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Brickyard to Interstate: How the Legacy of the Indianapolis 500 Shaped Hoosier Roads

by: Andria L. Hine, Indiana Constructors, Inc.
The original Indianapolis Motor Speedway was a two-inch layer of creek gravel, topped by two inches of crushed limestone topped with tar, followed by crushed stone chips and more tar and stone dust. It dissolved during the first race, where five people died. Owner Carl Fisher quickly paved it with 3.2 million bricks. It was paved over with asphalt in 1961, except for a yard of bricks at the start/finish line. (This photo has been resized and cropped to web standards. Photo courtesy of the Bass Photo Co Collection, Indiana Historical Society.)
The original Indianapolis Motor Speedway was a two-inch layer of creek gravel, topped by two inches of crushed limestone topped with tar, followed by crushed stone chips and more tar and stone dust. It dissolved during the first race, where five people died. Owner Carl Fisher quickly paved it with 3.2 million bricks. It was paved over with asphalt in 1961, except for a yard of bricks at the start/finish line. (This photo has been resized and cropped to web standards. Photo courtesy of the Bass Photo Co Collection, Indiana Historical Society.)
Drivers strive for speed during the Fast Friday practice session on May 20, 2022. That day, Takuma Sato topped 232 miles per hour on a track. Ray Harroun won the first Indy 500 at an average speed of 74.6 miles per hour, taking home $14,250 in prize money. (Photo courtesy of ICI/Andria Hine)
Drivers strive for speed during the Fast Friday practice session on May 20, 2022. That day, Takuma Sato topped 232 miles per hour on a track. Ray Harroun won the first Indy 500 at an average speed of 74.6 miles per hour, taking home $14,250 in prize money. (Photo courtesy of ICI/Andria Hine)
The red line indicates the Lincoln Highway, while the Dixie Highway, shown in blue, can be seen running from Florida to Michigan. (This photo has been resized and cropped to web standards. Photo courtesy of the Indiana Historical Society.)
The red line indicates the Lincoln Highway, while the Dixie Highway, shown in blue, can be seen running from Florida to Michigan. (This photo has been resized and cropped to web standards. Photo courtesy of the Indiana Historical Society.)
Early Indiana State Highway Commission employee and truck. (Photo courtesy of ICI)
Early Indiana State Highway Commission employee and truck. (Photo courtesy of ICI)
Workers on a section of the I-69 Finish Line project near Indianapolis in June 2023. The project is the sixth and final section connecting I-69 between Evansville and Indianapolis. The work is scheduled to be completed by the end of 2024. (Photo courtesy of ICI/Charlie McCullough)
Workers on a section of the I-69 Finish Line project near Indianapolis in June 2023. The project is the sixth and final section connecting I-69 between Evansville and Indianapolis. The work is scheduled to be completed by the end of 2024. (Photo courtesy of ICI/Charlie McCullough)
The month of May brings racing enthusiasts to Indiana for the Indianapolis 500 at the Indianapolis Motor Speedway. But today’s race and the facility it uses is very different than the original gravel and tar track built by Carl G. Fisher in 1909.

Fisher was also responsible for developing the Lincoln Highway, the first cross-country road for automobiles and the inspiration for the interstate highway system. Hard on the heels of the Lincoln Highway success, Fisher began the Dixie Highway connecting Michigan to Florida. For more information about Fisher and his storied career, listen to the November 19, 2021, ICI Digs Deep Podcast, “Throwback to the Lincoln Highway.”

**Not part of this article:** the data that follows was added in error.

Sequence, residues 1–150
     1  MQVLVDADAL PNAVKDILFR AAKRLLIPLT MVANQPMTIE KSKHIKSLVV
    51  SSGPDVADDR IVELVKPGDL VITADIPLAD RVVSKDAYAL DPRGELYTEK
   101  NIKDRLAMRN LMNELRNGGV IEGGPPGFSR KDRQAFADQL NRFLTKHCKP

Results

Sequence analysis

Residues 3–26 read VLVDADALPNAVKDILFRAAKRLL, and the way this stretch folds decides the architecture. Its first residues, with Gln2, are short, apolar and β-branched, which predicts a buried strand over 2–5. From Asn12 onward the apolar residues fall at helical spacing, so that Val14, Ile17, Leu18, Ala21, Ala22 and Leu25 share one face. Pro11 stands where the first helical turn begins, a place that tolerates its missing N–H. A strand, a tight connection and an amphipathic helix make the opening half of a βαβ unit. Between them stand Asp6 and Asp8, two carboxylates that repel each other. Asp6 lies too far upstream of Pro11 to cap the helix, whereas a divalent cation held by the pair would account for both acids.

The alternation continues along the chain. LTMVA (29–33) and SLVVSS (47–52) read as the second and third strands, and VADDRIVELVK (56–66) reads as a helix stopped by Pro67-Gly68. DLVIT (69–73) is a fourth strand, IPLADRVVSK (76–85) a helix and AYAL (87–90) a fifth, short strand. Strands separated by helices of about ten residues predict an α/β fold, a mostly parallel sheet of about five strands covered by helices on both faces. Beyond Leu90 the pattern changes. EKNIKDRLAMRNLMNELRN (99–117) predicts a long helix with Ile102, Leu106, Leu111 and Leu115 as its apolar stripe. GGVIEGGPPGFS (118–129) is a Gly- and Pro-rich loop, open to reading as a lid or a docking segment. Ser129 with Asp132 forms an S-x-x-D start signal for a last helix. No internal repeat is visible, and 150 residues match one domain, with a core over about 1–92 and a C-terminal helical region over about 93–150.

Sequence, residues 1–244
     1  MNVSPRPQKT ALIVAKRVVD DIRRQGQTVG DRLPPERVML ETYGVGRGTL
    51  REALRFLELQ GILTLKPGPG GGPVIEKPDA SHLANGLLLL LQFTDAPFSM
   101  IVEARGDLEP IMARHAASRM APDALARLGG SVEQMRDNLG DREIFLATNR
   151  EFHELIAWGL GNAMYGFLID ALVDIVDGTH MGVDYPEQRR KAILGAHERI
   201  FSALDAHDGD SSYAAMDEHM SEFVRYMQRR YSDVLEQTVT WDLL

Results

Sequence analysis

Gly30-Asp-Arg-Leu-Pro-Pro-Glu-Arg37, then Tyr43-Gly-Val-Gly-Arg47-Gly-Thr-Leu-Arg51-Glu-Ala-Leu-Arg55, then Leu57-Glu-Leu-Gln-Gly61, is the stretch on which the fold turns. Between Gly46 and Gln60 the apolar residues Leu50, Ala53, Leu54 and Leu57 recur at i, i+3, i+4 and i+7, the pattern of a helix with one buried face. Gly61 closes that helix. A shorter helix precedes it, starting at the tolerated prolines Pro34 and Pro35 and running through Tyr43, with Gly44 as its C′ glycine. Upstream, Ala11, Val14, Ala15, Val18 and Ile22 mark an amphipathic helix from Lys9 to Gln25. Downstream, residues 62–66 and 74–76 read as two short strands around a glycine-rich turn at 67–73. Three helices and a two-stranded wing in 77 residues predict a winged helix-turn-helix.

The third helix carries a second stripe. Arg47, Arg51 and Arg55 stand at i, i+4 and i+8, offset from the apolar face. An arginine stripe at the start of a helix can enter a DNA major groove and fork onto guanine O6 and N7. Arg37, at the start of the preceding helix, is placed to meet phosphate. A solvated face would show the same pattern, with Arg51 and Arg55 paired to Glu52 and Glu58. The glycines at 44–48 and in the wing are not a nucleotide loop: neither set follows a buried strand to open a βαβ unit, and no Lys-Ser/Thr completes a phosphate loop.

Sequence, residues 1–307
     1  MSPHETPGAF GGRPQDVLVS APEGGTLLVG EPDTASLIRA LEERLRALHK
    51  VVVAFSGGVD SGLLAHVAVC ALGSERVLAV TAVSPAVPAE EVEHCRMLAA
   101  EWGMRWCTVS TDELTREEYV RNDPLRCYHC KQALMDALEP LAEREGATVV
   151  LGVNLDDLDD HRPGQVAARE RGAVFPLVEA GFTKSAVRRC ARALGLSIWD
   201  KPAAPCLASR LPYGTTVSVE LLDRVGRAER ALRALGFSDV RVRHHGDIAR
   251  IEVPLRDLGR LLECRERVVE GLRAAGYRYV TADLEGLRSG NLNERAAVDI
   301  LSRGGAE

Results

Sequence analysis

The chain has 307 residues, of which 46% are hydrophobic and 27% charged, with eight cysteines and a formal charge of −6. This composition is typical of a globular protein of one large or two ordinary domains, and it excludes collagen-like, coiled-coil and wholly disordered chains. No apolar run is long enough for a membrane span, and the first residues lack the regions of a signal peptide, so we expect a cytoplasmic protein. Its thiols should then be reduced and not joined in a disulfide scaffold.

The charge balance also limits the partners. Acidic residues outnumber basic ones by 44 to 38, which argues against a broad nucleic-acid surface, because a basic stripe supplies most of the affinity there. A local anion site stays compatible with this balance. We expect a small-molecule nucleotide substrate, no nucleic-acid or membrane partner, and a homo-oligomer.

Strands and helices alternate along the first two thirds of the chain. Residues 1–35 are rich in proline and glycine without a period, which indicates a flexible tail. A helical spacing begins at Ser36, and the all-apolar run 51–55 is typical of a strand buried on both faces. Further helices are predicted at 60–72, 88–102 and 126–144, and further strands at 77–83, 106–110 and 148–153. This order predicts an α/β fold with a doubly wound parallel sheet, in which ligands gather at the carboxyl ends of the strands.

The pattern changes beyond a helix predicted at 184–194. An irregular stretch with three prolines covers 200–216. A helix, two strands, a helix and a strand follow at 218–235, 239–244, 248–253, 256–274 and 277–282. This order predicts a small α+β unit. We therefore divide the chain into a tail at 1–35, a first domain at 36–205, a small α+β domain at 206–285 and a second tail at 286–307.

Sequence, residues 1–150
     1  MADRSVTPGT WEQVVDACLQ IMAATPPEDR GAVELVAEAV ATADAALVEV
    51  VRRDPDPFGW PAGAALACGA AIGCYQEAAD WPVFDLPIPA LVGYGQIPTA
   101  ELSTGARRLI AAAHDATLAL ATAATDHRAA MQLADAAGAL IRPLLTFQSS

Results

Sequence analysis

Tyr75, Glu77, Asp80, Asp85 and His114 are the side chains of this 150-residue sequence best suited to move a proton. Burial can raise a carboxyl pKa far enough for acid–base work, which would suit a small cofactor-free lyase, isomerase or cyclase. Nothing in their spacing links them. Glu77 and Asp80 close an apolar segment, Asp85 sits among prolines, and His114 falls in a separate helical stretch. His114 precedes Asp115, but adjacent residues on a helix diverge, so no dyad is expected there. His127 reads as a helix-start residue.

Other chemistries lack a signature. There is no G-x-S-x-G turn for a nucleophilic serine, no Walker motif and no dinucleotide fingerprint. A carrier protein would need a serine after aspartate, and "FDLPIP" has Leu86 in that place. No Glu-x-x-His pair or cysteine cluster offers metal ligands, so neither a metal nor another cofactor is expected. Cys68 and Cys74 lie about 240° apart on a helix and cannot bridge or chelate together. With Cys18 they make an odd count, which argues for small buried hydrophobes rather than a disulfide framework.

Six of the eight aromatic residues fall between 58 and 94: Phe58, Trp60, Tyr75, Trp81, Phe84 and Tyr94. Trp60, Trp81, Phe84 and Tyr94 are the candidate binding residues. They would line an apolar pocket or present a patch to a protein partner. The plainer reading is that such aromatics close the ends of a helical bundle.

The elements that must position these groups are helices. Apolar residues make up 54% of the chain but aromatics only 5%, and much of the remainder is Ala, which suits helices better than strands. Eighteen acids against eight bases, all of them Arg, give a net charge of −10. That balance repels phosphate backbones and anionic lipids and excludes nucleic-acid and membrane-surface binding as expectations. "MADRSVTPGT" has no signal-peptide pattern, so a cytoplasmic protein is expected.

But even Fisher followed the path of his predecessors — lawmakers who commissioned the first state-funded road in Indiana in 1826, the Michigan Road connecting Lake Michigan to the Ohio River. Before his Lincoln Highway, there was the National Road, the first federally funded road in America. Started in 1811 in Maryland, it would take until 1828 for construction to begin in Indianapolis and head east to Richmond and west to Terre Haute.

Financial panic and competing priorities caused delays in completing these and other road projects, with first bicyclists and then farmers joining the fight for better Hoosier roads. Eventually, the federal Rural Free Delivery program (the precursor to our modern postal system), along with the widespread use of personal vehicles, made paved roads a necessity.

The Federal Aid Road Act of 1916 appropriated $75 million in federal funds for states to use on approved road projects, and it required states to create a state highway agency to develop them. It took until 1919 to create a functional Indiana State Highway Commission, which held its first letting on July 15, 1919.

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In 1919, Indiana had only 4,100 centerline miles managed by the state. In the intervening years, both the Indiana State Highway Commission (now Indiana Department of Transportation or INDOT) and Indiana Highway Contractors, Inc. (now Indiana Constructors, Inc. or ICI) have worked together, through good times and bad, to develop 28,868 state centerline miles.

Today, Indiana stands as the Crossroads of America, with an intricate system of highways, roads, and bridges. Indiana’s civil contractors, their subcontractors, and suppliers are hard at work on major INDOT projects including Clear Path 465, I-69 ORX, Revive I-70, 80/94 FlexRoad, the Mid-States Corridor, and more. Each of these projects aims to improve safety and traffic flow.

From Carl Fisher’s racing dreams and highway system vision in the early 1900s to projects like the I-69 Finish Line project, Hoosier road builders continue to improve the way Indiana families connect to each other and the world.

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